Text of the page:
NFL Franchise Tag Deadline Passes, Signaling Training Camp Repercussions for Giants’ Saquon Barkley And Raiders’ Josh Jacobs

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This is kind of messy for the Las Vegas Raiders and New York Giants.

The NFL deadline for franchise tag players and their teams to agree on a multi-year contract passed Monday afternoon and neither Josh Jacobs nor Saquon Barkley got deals done.

Next stop … drama.

It already existed because neither Jacobs nor Barkley were willing to accept long-term contract offers from the Raiders and Giants, respectively. But with the passing of the deadline, they won’t be able to negotiate a deal until next offseason.

And it gets worse.

Josh Jacobs may sit out training camp.
Running back Josh Jacobs of the Las Vegas Raiders runs against the Indianapolis Colts in the second half of their game at Allegiant Stadium on December 13, 2020 in Las Vegas, Nevada. (Photo by Chris Unger/Getty Images)

Josh Jacobs Unlikely To Report To Start Of Camp

Sources say that barring a significant change, neither player will sign their tenders in time to be present when the Raiders and Giants have veterans report to camp July 25.

Jacobs has even told confidants he’s willing to miss all of training camp and hasn’t fully decided on whether he’ll be present for the regular season’s start. Barkley’s status for all of training camp and the start of the season is unclear.

Dallas Cowboys running back Tony Pollard, also tendered with a franchise tag, has signed his $10.1 million tag. He is expected to report to training camp.

So what happens next?

Saquon Barkley will have to play season on franchise tag.
Saquon Barkleyof the New York Giants during warm up before the game against the Los Angeles Chargers at SoFi Stadium on December 12, 2021 in Inglewood, California. (Photo by Harry How/Getty Images)

Saquon Barkley Drama On Way For Giants

For the Giants, this is bad news because it instantly drives an uncomfortable narrative for the start of training camp. And the club hates that.

The Giants view themselves as New York’s businesslike team. They keep problems and disagreements within the walls of their training facility.

They enjoy the fact they surprised some people and unexpectedly made the playoffs in coach Brian Daboll’s first season. They like that the crosstown Jets get attention on the back pages of New York tabloids while they fly under the proverbial radar.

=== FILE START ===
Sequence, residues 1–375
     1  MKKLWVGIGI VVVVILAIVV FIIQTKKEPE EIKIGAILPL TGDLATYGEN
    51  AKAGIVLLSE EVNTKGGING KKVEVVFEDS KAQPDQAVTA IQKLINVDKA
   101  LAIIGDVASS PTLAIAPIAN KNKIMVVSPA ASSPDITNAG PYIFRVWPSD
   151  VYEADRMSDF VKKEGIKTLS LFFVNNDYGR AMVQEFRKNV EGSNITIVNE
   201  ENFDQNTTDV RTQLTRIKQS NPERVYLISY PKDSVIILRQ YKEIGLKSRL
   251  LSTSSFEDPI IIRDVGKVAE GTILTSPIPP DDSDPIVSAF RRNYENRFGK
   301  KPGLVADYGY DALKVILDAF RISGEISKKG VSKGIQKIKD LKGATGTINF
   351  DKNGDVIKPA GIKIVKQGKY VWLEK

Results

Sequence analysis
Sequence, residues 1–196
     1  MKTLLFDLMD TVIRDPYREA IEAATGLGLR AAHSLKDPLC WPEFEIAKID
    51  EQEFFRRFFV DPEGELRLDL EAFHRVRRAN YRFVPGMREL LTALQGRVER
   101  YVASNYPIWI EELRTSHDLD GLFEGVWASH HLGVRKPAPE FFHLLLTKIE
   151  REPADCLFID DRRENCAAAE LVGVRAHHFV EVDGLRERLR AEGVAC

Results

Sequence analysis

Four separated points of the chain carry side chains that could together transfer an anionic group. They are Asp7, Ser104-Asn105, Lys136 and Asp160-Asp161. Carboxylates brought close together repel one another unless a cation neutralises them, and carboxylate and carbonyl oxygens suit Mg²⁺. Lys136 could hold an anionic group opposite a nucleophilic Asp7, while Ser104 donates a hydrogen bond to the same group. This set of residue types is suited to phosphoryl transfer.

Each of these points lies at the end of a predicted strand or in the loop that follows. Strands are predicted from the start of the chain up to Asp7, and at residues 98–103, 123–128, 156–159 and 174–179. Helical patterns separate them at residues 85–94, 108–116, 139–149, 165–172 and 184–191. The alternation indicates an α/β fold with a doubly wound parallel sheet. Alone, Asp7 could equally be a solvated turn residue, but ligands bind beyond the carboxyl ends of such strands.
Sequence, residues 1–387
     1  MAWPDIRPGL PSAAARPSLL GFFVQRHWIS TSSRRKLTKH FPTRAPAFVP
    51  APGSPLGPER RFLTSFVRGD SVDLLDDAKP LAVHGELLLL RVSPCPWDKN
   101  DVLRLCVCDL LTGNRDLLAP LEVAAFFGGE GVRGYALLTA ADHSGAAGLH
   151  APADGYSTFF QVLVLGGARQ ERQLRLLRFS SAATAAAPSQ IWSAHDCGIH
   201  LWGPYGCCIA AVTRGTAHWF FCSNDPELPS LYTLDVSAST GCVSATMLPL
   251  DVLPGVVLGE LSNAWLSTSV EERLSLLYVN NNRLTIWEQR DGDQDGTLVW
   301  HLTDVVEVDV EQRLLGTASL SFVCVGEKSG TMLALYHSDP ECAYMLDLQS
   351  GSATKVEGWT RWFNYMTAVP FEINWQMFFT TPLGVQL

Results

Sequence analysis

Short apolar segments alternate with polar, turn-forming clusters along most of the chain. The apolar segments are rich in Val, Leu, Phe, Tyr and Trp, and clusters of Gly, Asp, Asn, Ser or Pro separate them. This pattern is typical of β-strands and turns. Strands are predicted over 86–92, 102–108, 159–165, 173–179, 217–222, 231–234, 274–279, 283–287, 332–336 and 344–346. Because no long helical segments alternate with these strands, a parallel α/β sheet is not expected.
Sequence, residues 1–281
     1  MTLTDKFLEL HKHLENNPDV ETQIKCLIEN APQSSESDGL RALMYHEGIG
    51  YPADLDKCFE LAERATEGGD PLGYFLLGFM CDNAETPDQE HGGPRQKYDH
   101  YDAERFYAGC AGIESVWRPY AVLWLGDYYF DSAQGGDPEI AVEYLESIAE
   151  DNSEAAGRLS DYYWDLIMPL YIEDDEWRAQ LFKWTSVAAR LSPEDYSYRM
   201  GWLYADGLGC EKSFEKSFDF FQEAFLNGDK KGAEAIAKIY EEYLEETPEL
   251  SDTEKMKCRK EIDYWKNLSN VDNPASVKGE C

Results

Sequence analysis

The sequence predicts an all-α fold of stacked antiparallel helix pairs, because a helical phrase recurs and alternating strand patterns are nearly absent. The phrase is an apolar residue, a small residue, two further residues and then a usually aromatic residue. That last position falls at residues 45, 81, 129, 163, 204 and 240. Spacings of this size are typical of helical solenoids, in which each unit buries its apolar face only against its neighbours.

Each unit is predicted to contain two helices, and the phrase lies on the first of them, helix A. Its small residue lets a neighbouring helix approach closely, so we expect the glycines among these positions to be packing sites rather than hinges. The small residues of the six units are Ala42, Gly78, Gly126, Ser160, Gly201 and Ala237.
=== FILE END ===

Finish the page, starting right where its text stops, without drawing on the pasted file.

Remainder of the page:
But there will be no hiding under the radar with Barkley. He was the NFL’s fourth-leading rusher with 1,312 yards last season. And him likely missing the start of training camp is a big issue.

Josh McDaniels was not certain about Josh Jacobs before 2022.
Raiders head coach Josh McDaniels wasn’t completely sold on Josh Jacobs as the team’s long-term answer at running back before the 2022 season. (Photo by Getty Images).

Raiders Could Have Had Jacobs Under Contract

The Raiders have turned over coaches and starting quarterbacks and have consistently been in the news. They are not averse to attention. But the Jacobs situation makes them look bad.

Because they’ve miscalculated.

Before last season they had the opportunity to extend their control over Jacobs by placing a fifth-year option on him. That would have gotten Jacobs under contract for 2023 at a cost of $8.03 million.

The Raiders, fresh off the hiring of a new general manager and coaching staff, seemed unsure Jacobs was a great investment. They didn’t want to marry themselves to him.

So they declined the fifth-year option. And Jacobs answered the brain trust’s uncertainty by gaining an NFL-leading 1,653 yards. He scored 12 touchdowns.

Josh Jacobs was NFL leading rusher in 2022.
Josh Jacobs of the Las Vegas Raiders walks off the field after losing to the Kansas City Chiefs at Allegiant Stadium on January 07, 2023 in Las Vegas, Nevada. (Photo by Jeff Bottari/Getty Images)

Josh Jacobs Led NFL In Rushing

Good news: Jacobs suddenly became a player the Raiders want on their roster in the future.

Bad news: They couldn’t get him signed to a multi-year deal in time. Then they had to resort to the franchise tag.

And the franchise tag is costing the Raiders $10.1 million, which is $2 million more than had they used the fifth-year option last year.

It’s not just the salary cap savings that resonates here. It’s that Vegas missed a chance to have a highly productive player under contract and avoid the drama that now looms.

Follow on Twitter: @ArmandoSalguero 

Written by Armando Salguero

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